Precautionary Statements

Precautionary statements tell employees, vendors and shippers what they need to do to protect themselves from chemical hazards. A precautionary statement can be used for prevention, response, storage or disposal; for example, a response statement tells handlers what they need to do to minimize the harmful effects of the substance if there’s a spill or some other type of exposure. Here are some examples of precautionary statements used on chemical labels:

  • IF ON SKIN: Rinse immediately contaminated clothing and skin with plenty of water before removing clothes. Wash contaminated clothes before reuse.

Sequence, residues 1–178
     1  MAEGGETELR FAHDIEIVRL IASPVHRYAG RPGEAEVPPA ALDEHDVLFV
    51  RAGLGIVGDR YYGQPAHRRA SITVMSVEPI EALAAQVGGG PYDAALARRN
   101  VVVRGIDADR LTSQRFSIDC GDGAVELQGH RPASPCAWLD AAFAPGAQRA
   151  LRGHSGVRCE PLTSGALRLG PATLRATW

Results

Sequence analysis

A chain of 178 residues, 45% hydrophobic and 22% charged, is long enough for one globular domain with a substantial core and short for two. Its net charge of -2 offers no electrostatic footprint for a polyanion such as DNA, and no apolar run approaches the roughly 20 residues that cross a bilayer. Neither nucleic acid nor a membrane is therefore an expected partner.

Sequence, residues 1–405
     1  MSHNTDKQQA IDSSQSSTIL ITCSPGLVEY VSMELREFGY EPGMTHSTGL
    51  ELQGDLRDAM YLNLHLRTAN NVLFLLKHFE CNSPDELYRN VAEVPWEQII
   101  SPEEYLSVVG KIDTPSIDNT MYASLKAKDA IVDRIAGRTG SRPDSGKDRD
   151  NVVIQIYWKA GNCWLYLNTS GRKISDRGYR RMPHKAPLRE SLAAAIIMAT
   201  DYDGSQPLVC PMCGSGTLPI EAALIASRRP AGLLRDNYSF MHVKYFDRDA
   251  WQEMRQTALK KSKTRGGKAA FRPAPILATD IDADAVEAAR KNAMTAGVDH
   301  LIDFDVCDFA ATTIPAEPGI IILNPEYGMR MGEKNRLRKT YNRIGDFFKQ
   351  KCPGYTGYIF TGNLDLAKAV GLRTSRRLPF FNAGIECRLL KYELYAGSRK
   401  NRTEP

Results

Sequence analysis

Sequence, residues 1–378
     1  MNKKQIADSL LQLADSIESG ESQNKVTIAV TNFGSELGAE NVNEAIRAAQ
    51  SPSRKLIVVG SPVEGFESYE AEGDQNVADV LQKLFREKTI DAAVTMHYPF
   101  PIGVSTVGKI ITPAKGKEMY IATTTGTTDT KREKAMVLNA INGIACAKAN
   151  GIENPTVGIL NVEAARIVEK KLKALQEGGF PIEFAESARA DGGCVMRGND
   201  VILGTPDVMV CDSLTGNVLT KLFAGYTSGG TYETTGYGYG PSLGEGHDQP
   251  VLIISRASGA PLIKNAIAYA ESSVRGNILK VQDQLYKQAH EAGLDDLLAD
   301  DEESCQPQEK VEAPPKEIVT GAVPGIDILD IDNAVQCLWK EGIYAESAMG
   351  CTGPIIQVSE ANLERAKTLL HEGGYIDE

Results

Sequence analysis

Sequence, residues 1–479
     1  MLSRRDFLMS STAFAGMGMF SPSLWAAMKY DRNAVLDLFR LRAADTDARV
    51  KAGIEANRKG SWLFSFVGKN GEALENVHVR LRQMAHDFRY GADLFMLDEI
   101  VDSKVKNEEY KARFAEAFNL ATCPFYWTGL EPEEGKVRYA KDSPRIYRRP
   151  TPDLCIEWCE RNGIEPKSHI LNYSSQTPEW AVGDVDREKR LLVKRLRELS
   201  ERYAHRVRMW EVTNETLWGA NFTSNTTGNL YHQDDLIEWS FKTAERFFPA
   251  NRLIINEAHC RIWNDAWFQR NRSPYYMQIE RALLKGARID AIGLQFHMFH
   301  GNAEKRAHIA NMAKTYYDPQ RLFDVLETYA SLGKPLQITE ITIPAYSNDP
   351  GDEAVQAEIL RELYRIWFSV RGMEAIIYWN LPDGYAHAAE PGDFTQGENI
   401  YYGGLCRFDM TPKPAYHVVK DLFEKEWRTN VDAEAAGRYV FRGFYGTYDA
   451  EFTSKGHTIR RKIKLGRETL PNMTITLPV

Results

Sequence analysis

• If swallowed, immediately call a poison control center.
  • In case of fire, use water spray. In case of major fire and large quantities: evacuate area.
  • Do not eat, drink or smoke when using this product.
  • Dispose of contents in accordance with local regulations.


Understanding chemical labels is much easier when each label contains a pictogram — a set of symbols used to communicate information about hazards as quickly as possible. Instead of having to read several pages of safety data, an employee just has to glance at a pictogram to know what kind of hazard is present. Pictograms can be used to alert employees to carcinogens, flammable substances, oxidizers, explosives and other hazardous materials.

A strong safety culture starts with a commitment to OSHA compliance and a desire to alert employees to potential hazards in the workplace. If you need custom chemical labels for your business, Metal Marker Manufacturing Company can help. Call (800) 428-0095 to inquire about our chemical labels and other custom identification products.